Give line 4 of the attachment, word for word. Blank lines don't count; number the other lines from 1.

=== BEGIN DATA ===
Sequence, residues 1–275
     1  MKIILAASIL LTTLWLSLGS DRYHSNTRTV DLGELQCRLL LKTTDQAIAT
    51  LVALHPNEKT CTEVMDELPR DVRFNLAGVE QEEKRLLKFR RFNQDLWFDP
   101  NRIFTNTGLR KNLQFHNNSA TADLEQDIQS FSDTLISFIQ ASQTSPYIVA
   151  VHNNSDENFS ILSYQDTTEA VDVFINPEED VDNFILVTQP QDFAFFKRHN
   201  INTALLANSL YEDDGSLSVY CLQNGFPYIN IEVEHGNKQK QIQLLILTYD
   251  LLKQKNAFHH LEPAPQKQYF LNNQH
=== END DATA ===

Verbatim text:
   101  NRIFTNTGLR KNLQFHNNSA TADLEQDIQS FSDTLISFIQ ASQTSPYIVA